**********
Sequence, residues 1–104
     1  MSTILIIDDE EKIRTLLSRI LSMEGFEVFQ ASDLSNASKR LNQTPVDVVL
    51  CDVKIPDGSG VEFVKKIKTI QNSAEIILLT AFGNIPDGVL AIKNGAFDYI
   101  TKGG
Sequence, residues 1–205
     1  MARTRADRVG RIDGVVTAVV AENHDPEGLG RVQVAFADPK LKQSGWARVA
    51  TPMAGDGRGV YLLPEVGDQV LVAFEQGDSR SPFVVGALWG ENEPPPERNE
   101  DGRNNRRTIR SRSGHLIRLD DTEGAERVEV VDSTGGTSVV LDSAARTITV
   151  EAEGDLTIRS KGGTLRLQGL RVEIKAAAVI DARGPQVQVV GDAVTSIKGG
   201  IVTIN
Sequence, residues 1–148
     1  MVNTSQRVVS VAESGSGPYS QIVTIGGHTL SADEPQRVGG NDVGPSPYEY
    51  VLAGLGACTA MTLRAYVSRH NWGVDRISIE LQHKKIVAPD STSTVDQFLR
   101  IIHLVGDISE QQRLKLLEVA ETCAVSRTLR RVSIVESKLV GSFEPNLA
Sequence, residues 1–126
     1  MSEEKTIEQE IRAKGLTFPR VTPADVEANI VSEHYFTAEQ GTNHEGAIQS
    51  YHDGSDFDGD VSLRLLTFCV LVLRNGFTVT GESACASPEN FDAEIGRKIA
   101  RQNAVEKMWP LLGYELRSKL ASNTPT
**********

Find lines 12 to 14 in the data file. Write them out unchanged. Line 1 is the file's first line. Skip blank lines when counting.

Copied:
     1  MVNTSQRVVS VAESGSGPYS QIVTIGGHTL SADEPQRVGG NDVGPSPYEY
    51  VLAGLGACTA MTLRAYVSRH NWGVDRISIE LQHKKIVAPD STSTVDQFLR
   101  IIHLVGDISE QQRLKLLEVA ETCAVSRTLR RVSIVESKLV GSFEPNLA